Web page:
It has people who live there fired-up, many taking to social media to vent- calling the city's regional dispatch center an issue
"It came out that the Garfield Heights police refused to respond to the call and that's simply not the case, " Garfield Heights police chief, Robert Byrne, told News 5.
Chief Byrne said 911 dispatchers never told police about the call.
"They got a call for a possible drunk driver, they didn't put it out to our cars, and they were wrong for doing that," he said.
Garfield Heights 911 calls go through a regional SECC dispatch center- that center also takes calls for Bedford, Bedford Heights, and Maple Heights.
The chief said the incident is not indicative of an issue with regional dispatching.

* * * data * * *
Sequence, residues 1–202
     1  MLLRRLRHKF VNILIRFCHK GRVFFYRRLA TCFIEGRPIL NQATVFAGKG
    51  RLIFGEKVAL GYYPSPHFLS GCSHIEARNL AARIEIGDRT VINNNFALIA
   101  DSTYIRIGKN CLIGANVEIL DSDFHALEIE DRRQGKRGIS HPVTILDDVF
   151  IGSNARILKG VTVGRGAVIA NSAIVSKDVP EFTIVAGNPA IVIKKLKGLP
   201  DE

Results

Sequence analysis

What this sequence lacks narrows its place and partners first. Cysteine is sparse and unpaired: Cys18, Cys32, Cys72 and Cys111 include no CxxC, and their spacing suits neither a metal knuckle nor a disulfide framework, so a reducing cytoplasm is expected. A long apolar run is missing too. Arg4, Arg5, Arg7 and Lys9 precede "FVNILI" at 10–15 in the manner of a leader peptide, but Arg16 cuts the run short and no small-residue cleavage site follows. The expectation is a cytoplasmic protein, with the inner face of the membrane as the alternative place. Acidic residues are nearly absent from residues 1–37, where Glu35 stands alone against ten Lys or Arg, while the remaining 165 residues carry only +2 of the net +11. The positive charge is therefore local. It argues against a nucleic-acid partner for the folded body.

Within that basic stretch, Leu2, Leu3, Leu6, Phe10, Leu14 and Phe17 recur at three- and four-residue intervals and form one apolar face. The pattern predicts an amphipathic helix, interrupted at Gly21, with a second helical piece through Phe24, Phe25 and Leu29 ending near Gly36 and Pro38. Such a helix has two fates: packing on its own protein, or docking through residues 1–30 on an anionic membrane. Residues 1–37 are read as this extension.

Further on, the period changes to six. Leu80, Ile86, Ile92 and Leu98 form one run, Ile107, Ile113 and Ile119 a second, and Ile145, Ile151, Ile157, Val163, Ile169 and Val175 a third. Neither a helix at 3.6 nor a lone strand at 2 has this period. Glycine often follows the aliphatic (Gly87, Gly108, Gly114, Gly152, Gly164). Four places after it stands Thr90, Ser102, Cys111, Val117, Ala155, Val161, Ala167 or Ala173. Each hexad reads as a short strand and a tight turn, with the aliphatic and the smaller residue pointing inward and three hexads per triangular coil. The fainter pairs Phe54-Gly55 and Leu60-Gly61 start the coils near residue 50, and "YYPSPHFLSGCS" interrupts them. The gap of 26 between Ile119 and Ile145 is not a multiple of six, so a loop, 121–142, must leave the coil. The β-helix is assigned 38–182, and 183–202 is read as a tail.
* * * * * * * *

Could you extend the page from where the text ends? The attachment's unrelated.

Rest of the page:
"They are going through some growing pains. You take four cities and put them together. You have dispatchers that worked strictly for Garfield Heights, no they're working for 4 other cities," he said.
Garfield Heights merged their dispatch center back in 2013. It reportedly saved the city about 160-thousand dollars.
Chief Byrne said safety remains the number one priority.
"Calls that could be a safety issue, we respond immediately," he said.
According to Chief Byrne, the incident is being reviewed by the dispatch center.
News 5 called the center's manager, Greg Duber. Duber declined an interview request, but said
"We took a complaint and dispatchers failed to get it out. We are dealing with it internally."